CAIRO — Rowing up to the cheerful turquoise houseboat on the Nile, a fisherman saluted the white-haired woman swaying on its deck.
“How are you holding up?” he called to the woman, Ekhlas Helmy, 88, as his wife dragged back the oars. “May God bring down the bully!”
This week may be their last sharing that particular stretch of the Nile, a narrow tract in central Cairo that, since the 1800s, has been lined with wooden houseboats — homes that double as living lore. This month, the government suddenly ordered Ms. Helmy’s houseboat and 31 others demolished, saying they were unsafe and unlicensed.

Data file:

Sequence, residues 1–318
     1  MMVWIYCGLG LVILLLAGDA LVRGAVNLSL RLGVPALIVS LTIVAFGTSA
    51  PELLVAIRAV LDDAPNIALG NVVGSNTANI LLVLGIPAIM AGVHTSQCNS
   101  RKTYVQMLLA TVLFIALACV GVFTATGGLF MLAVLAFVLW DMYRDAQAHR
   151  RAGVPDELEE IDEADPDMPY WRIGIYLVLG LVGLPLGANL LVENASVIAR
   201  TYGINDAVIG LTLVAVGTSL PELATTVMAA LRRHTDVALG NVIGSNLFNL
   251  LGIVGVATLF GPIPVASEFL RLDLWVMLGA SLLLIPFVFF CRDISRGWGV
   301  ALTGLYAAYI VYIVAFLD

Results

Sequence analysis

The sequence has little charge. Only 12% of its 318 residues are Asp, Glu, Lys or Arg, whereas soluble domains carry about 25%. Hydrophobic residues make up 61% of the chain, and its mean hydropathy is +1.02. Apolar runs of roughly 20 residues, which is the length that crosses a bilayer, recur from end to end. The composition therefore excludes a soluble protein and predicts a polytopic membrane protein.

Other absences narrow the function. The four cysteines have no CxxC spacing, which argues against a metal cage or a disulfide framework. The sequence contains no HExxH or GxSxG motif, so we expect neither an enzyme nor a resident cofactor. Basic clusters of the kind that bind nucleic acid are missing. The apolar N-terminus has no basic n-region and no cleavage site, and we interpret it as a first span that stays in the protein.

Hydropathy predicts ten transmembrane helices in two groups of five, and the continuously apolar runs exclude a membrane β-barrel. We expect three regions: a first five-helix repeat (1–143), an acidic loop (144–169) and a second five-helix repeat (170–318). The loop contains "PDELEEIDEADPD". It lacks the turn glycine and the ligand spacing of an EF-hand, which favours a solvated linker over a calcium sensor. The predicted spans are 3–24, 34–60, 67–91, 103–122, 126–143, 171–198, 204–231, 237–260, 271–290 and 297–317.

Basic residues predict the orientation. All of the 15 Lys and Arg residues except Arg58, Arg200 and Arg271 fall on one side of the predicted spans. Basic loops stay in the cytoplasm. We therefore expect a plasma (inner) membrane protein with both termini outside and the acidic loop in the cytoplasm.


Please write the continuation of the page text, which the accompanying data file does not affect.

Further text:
famous films were set on others. On the riverbank, life was peaceful, airy and private, nothing like the dusty, frenzied metropolis whose imagination the floating homes had captured for so long.
modernize — and monetize — much of Cairo by handing it over to private developers or the military, bulldozing several historic neighborhoods to build new high-rises, roads and bridges.